I guess when you realize poet Robert Browning, Star Wars’ Alec Guiness, the Clash’s Joe Strummer, Pink Floyd’s David Gilmour, the Cure’s Robert Smith, model Kate Moss, entertainer Joan Collins, and even singer, Bjork call it home, you know it’s good.  It’s a high-class area with that crowd, but artsy at the same time. The BBC’s Maida Vale Studios – where everyone from The Beatles to the Killers have recorded – is around the corner.  Irish actor Jonathan Rhys Meyers, of the Showtime series The Tudors, was recently rushed to the hospital after yet another drinking binge.  Amy Winehouse lived in nearby Camden Town before her untimely demise. The area is simply hip.

And it’s full of runners.

The day of the London Run 10K, I slept late and woke fearful that I wouldn’t make it to the line in time. In 30 minutes I was in Oxford Circus (home of the recent riots), grabbed my Starbuck’s coffee (order it as coffee with pouring cream), and was on the line in Piccadilly moments later. London is a walk-able and run-able city to say the least.

I am a gregarious person, and on the way to the race, I met a woman and her son from Mexico who were running the race. They were new to running but the woman expressed interest in competing in the London Marathon and today’s 10k was the start of her training. They’d moved to London after opening a chain of high-end Mexican restaurants in Madrid and England, and I had the feeling that she was fairly serious about devoting some stress-relief time to training.  We parted ways but she offered me a meal if I came into their Hampstead restaurant called Mestizomx before I headed back to Boston.

As I rounded the corner into the famous Piccadilly Circus, 25,000 were making their way to the starting line of this huge race. I thought of Boston and how I was fortunate enough to get over the line in just over a minute. I began maneuvering around people as I got ready to run 10 kilometers through the famous streets of London. Only the thoughts of a pint at the Prince Alfred pushed me forward. It was 80 degrees and beginning to swelter.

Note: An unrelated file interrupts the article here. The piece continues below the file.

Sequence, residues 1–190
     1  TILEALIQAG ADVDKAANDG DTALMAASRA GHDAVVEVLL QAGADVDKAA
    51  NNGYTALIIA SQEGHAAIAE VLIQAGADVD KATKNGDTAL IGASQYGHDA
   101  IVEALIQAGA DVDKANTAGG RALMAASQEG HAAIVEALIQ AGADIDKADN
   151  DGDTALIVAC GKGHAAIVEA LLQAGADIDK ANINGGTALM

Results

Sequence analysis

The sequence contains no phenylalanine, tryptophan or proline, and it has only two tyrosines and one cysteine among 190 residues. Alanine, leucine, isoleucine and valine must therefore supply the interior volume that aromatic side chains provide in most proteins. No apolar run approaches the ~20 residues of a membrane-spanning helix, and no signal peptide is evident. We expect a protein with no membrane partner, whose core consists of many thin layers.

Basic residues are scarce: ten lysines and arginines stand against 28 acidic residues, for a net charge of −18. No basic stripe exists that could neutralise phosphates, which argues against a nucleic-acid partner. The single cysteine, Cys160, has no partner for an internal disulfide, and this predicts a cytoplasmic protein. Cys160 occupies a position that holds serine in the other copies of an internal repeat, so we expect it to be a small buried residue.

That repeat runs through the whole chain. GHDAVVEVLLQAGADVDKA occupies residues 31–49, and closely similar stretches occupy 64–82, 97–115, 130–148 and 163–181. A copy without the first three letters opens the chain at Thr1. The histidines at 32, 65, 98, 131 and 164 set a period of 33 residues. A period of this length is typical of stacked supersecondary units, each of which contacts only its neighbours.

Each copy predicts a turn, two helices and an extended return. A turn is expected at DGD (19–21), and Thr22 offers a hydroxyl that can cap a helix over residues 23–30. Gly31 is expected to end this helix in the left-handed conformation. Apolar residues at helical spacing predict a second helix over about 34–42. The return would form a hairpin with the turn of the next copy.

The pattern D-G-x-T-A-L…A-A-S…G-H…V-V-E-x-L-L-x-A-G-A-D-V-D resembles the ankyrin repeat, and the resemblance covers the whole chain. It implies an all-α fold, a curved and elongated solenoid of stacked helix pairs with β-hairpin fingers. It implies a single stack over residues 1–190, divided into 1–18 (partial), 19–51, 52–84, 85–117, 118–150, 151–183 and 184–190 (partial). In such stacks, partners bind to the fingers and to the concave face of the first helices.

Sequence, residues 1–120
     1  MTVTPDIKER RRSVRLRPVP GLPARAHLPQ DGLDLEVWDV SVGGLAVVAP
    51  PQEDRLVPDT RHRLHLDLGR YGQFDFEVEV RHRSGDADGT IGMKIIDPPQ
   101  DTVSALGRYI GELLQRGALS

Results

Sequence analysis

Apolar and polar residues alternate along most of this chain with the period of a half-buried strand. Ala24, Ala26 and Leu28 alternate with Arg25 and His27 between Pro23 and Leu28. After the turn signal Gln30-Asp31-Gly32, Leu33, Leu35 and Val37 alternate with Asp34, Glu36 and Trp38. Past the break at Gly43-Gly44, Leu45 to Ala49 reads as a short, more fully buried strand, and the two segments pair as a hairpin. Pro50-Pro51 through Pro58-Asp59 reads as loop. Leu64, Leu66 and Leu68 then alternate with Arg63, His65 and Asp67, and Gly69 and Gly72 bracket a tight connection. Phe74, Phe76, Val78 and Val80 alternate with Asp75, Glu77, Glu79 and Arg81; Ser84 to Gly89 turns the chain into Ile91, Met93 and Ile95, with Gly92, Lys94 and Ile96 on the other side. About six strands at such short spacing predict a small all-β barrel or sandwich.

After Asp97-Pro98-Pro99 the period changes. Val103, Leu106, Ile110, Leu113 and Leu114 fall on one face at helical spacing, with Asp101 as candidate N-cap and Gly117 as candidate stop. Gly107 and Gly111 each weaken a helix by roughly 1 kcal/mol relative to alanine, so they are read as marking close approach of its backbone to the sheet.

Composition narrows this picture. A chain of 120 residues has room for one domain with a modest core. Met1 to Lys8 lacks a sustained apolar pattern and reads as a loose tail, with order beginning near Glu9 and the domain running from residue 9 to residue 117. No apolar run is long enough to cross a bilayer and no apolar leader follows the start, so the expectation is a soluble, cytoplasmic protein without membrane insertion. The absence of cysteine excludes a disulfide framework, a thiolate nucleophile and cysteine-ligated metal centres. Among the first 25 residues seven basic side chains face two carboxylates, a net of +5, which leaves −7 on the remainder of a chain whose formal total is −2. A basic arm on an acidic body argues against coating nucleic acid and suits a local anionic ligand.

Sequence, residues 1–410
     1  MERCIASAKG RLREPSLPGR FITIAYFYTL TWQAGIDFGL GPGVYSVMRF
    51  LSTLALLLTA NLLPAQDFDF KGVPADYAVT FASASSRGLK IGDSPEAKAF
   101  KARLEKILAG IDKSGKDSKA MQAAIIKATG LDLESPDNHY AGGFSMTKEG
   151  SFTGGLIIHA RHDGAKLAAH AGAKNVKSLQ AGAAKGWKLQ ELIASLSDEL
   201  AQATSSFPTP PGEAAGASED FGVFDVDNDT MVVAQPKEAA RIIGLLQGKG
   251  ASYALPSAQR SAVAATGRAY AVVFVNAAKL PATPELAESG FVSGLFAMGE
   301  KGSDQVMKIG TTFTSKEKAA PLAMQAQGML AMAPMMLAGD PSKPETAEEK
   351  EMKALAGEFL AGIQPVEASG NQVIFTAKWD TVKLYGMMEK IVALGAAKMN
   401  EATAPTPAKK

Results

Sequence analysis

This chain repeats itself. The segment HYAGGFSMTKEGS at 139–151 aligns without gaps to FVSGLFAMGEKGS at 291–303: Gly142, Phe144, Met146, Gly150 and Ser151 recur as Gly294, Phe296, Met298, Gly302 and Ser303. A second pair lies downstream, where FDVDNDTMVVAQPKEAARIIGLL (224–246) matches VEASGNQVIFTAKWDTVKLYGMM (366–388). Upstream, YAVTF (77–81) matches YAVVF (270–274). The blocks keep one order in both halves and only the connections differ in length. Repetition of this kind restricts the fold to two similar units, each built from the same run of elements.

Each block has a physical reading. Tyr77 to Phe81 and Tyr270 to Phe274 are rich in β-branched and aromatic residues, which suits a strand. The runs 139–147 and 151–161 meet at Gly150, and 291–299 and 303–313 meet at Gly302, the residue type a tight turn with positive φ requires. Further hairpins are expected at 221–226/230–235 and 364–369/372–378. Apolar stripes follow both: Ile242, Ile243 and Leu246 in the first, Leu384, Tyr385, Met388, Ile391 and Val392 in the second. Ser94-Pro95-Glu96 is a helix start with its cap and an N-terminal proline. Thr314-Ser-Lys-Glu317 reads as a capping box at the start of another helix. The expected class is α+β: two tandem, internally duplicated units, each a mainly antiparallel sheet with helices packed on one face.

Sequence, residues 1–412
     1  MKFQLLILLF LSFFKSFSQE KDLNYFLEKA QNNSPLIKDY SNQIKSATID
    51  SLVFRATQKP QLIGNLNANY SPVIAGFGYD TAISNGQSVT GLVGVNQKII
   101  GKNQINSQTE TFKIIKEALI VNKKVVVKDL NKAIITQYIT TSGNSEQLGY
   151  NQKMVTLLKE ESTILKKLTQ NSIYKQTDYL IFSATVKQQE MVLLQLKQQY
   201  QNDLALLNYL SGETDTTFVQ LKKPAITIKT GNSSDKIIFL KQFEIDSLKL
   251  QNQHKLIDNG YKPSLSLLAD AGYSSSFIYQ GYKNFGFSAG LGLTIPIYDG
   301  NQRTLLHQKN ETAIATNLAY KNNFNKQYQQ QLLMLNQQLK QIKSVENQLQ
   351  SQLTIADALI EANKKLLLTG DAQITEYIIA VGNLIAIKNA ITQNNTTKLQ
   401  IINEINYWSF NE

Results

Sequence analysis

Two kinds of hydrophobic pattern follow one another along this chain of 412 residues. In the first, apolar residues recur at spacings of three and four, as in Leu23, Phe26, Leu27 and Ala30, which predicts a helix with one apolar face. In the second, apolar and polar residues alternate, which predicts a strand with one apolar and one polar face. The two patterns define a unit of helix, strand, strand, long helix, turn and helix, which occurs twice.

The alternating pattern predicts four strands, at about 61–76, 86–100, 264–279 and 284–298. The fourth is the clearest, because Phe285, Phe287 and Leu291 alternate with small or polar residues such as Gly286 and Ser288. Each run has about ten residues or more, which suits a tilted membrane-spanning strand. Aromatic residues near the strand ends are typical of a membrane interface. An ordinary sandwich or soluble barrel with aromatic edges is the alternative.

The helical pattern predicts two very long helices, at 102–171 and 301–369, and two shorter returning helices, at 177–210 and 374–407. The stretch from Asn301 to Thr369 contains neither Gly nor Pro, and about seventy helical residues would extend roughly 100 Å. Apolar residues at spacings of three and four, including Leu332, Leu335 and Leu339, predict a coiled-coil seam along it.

On the way back from the 10K I met Abdi Madar, from Egypt, who happened to finish 6th in the race in 32:02. His run was remarkable given his husky build, claim of slow mileage, and the fact he had worked a shift at Formosa till 1:00 a.m. the night before and was back on for a noontime shift after the race. With PRs of 1:11 in the half-marathon and 2:26 in the full, he is one of Egypt’s finest. He invited me for a recovery run the next day, and I gladly accepted as I incredulously watched him head back to his job.

How could you not love the people in this city?

Michael J. Atwood was a standout runner at Boston College (class of ’93). For his full bio, click here. He was once named The Boston Globe’s “Coach of the Year,” but recently he has been bombing around the U.K looking for cool running spots. He has plans to run a sub-three-hour winter marathon.

Author: FasterThanForty

One Comment

Maida Vale is hip but it is not the centre of running in London. The running is urban, grid based and access to the parks is often restricted at sunset. There are good options for track training at Paddington rec but joining the clubs that use these facilities is expensive.

Instead look to Richmond Park (where the Kenyans train), or north of Finchley Road where you have access to Parliament Fields. 20 mile runs, off road and through London is a true delight.

The London Run 10k is popular – despite 25,000 entrants it is over subscribed. For locals it is expensive and covers only the edited highlights of London sights. The marathon or Royal Parks half marathon are perceived as better value. Even better are events such as Parkrun – free 5ks every weekend attended by several hundred locals, or runs outside London which showcase history. London has few buildings from before 1650 due to the great fire, many other parts of Britain will have building back to at least the 1200’s.

Worth mentioning London also gets dark in winter from around 5pm. A big factor in choosing good runs are those that are well lit. The canals, parks and tracks mentioned are poorly lit during winter.

M dans